The young cashier smiled and said, “I used to look forward to weekends, until I started working here.”
I’ve worked retail at Christmas. I still feel the pain. Around the middle of November, all vacations are frozen. There are no sick days allowed. You are expected to work every night and weekend and EVERYONE works the days after Thanksgiving and Christmas.
The song says, “It’s the most wonderful time of the year!” Before I became a follower of Jesus, I pondered: “if this is what being a Christian is all about, I don’t want to be one.” Here we have the biggest holiday of the year, named after the biggest name in religion and all I could see, as a non-believer, was the insanity of covetousness, materialism and selfishness. If that was the “spirit of Christmas,” I did not want any part of it.
I never thought the Christmas season could get any less Christ-like, but I was wrong.
One parent said, “I don’t want my kids to think we can’t afford Christmas.” People! Christmas is not about finances!
I recently heard about a family that bought all their children cell phones, of the pre-paid variety. Once the 30 days were up, the phones shut off. The parents insisted that they just wanted their kids to feel special on Christmas day. Then there was the parent who went to the local rental store and rented a laptop for her child for Christmas, only to take it back when she could not afford it. She just wanted her child to be able to brag to his friends about his gift.
In contrast, I heard of a Christian family who chooses to celebrate the occasion as “Jesus’ birthday.” They have a cake, sing “Happy Birthday, Dear Jesus” and share gifts with one another. When one of the children was asked if she had gotten everything she wanted for Christmas, she said, “No. But it wasn’t my birthday, was it?”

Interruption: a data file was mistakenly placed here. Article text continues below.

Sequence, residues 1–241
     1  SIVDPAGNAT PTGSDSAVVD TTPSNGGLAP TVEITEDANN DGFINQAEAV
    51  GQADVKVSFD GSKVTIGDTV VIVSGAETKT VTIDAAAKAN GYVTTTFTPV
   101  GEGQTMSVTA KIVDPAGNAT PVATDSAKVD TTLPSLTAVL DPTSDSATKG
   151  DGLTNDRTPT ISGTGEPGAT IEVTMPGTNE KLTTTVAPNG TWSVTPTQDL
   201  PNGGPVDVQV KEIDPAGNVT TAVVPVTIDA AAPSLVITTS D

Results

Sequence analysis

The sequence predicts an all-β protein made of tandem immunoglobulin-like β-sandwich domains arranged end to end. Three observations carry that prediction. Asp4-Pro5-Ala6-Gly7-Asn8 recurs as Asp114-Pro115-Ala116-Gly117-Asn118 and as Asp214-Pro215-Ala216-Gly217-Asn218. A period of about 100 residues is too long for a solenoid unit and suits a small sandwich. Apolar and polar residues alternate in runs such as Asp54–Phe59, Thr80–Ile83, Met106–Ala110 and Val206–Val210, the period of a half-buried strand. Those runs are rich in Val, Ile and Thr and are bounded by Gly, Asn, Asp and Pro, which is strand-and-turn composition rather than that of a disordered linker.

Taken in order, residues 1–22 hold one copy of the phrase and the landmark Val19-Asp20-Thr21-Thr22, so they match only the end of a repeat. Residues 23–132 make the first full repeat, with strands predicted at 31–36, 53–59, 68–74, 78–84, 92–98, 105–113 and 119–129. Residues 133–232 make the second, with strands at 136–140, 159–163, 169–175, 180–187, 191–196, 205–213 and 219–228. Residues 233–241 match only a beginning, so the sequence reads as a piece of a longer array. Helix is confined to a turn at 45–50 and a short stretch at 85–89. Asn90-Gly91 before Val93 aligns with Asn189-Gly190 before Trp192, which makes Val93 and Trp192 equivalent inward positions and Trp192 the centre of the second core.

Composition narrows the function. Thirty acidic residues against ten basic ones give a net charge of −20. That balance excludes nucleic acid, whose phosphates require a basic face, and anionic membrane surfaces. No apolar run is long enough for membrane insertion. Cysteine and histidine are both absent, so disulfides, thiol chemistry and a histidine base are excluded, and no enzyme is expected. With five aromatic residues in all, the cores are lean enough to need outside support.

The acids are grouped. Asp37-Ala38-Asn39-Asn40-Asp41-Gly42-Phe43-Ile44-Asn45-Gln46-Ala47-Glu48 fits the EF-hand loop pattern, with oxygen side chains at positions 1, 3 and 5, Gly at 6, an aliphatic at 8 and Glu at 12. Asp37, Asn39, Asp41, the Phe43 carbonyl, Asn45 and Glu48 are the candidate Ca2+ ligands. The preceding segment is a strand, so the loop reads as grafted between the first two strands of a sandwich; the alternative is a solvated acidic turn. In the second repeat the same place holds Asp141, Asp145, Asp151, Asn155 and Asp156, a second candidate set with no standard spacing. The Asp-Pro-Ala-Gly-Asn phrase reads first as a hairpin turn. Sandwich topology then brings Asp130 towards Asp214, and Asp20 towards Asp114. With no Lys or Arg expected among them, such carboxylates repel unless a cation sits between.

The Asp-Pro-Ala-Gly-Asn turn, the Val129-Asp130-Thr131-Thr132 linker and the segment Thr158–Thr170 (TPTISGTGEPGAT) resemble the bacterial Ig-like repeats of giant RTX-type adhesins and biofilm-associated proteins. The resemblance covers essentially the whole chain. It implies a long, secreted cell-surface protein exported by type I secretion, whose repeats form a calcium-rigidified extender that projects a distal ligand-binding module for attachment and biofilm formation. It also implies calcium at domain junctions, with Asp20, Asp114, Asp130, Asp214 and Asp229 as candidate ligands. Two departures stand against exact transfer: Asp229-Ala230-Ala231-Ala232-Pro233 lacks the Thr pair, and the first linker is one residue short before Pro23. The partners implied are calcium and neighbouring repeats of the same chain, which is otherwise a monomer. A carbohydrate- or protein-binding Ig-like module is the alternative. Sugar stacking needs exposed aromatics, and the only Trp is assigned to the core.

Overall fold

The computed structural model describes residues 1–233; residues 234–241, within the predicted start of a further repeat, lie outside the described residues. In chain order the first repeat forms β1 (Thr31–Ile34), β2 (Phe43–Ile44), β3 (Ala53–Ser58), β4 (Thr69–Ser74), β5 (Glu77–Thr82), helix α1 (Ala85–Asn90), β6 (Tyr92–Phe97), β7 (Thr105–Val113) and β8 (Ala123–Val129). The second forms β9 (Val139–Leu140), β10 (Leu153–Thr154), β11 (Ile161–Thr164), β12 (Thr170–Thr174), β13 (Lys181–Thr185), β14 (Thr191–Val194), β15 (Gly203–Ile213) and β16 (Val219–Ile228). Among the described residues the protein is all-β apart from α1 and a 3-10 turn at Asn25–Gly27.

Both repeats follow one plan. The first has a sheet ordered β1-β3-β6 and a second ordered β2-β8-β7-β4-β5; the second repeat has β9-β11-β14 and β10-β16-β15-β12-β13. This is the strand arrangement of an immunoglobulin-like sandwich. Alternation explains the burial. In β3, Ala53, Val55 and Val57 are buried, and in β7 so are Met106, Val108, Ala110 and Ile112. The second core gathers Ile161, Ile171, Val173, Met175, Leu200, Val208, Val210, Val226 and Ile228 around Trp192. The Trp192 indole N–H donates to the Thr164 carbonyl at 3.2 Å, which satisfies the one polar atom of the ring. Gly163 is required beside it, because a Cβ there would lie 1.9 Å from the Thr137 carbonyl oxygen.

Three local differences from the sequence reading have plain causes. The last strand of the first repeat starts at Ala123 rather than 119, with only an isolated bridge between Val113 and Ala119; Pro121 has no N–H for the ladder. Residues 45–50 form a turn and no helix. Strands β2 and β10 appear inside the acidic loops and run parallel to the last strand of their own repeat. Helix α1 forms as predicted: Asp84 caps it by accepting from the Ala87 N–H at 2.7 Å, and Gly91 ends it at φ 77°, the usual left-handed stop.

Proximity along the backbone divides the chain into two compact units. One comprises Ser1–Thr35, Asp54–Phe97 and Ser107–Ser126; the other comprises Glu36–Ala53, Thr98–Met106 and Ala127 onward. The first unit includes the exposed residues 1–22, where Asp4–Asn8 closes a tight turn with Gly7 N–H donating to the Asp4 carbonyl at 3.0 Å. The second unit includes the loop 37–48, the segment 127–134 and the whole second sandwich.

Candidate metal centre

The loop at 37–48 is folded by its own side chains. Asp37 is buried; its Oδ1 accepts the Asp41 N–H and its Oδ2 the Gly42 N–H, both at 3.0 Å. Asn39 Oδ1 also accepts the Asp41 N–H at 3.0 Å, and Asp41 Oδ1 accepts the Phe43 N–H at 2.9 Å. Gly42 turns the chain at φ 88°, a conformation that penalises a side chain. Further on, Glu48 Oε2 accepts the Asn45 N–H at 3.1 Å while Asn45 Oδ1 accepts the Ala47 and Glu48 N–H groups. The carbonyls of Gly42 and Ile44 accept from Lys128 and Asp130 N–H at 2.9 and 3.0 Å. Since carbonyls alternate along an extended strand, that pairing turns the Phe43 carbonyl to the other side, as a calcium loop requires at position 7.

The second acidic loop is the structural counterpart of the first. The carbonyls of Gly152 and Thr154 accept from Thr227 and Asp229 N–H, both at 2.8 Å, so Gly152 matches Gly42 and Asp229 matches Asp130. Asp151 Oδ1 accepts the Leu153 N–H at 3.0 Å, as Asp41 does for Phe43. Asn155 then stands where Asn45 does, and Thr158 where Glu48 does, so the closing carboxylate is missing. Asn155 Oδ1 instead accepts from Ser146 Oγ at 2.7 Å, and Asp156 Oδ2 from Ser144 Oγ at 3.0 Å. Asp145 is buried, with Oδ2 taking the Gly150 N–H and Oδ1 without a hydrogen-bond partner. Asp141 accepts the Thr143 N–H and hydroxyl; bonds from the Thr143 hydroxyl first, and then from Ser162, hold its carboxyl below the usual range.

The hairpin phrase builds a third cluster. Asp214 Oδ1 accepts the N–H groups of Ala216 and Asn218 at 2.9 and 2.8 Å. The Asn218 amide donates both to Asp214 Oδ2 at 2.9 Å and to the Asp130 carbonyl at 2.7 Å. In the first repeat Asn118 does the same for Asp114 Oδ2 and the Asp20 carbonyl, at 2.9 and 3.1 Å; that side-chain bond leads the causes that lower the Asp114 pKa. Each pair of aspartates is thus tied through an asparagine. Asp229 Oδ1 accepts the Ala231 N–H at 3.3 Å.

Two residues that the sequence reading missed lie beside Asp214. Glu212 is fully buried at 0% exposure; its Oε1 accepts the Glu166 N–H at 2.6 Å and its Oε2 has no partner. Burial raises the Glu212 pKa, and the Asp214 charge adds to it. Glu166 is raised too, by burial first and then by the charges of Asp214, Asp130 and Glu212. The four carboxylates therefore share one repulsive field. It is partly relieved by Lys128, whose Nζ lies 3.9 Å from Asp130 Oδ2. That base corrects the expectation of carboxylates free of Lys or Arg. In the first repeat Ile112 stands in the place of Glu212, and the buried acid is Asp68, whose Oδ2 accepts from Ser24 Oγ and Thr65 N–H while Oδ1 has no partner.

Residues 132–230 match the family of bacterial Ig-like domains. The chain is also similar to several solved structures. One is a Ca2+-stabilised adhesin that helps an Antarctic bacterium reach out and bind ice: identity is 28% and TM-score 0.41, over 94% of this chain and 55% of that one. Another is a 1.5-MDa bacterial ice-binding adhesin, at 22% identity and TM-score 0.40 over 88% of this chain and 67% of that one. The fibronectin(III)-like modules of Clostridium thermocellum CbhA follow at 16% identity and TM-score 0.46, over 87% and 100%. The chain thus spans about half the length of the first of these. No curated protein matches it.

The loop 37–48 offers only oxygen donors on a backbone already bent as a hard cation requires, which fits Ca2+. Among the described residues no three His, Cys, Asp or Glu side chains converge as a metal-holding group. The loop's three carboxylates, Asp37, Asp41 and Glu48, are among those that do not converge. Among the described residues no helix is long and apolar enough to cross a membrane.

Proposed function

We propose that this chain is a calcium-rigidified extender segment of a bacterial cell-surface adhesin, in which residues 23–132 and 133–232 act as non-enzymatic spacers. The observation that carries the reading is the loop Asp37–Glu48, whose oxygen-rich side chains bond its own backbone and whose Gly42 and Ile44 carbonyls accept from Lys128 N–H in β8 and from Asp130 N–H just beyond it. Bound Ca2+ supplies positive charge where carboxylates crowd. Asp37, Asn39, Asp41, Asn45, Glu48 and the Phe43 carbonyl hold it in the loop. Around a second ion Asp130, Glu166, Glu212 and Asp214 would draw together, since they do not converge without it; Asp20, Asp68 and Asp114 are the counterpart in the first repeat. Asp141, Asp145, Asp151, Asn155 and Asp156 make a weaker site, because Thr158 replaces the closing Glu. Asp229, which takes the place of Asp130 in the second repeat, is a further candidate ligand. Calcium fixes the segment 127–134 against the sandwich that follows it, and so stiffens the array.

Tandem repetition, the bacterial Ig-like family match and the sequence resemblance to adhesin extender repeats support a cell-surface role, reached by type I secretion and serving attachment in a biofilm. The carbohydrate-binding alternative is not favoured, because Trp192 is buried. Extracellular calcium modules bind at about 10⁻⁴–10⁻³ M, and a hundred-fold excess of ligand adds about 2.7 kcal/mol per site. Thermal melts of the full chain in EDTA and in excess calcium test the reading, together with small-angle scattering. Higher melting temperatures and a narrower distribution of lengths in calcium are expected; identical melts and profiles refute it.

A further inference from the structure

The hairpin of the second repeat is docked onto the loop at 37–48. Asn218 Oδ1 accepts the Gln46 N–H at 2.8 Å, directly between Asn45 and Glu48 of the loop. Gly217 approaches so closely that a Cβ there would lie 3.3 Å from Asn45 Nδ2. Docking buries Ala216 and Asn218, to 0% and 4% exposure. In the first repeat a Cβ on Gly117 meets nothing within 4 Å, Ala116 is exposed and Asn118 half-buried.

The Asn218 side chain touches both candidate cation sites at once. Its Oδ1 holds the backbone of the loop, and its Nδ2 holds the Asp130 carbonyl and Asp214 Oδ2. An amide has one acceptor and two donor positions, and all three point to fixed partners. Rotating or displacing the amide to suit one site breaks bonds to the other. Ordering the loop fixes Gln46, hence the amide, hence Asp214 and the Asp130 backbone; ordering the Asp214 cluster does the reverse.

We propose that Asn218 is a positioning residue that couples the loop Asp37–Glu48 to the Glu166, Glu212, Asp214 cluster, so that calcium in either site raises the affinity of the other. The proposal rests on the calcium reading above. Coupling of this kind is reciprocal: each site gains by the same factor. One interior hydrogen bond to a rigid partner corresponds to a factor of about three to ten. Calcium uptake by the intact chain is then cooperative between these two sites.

Another family decided, rather than purchase gifts, they would give the money they would normally spend to a worthy cause. The family would research and discuss which charity was in the most need and place an envelope under the tree with their decision.
I like a recent e-mail I received that said, “Pssst: Your honey doesn’t want an iPad for Christmas. He wants a goat! Or maybe a piglet…” The promotion was for a charity, serving the needs of impoverished people around the world. The idea was to redirect my Christmas money to the needy. It even came with a link to an online catalog. For $205, I can buy a water pump to serve a whole village, feed a family of 4 for a month with $12, or feed a child for a year with $36. Now THAT’s Christ-like giving.
What if you can’t afford to make a donation? Give of yourself! Find a place that needs some help, and volunteer the gift of your time. Find a need and donate your hands, feet and your smile. You want to know the best way to find out what you could do? Listen to your own complaining, and set out to fix the problem.
Do you know someone who is struggling? Give them with your abundance.
And do it all in the name of Christ, who is the perfect gift:
James 1:17 Every good gift and every perfect gift is from above, and comes down from the Father of lights, with whom there is no variation or shadow of turning.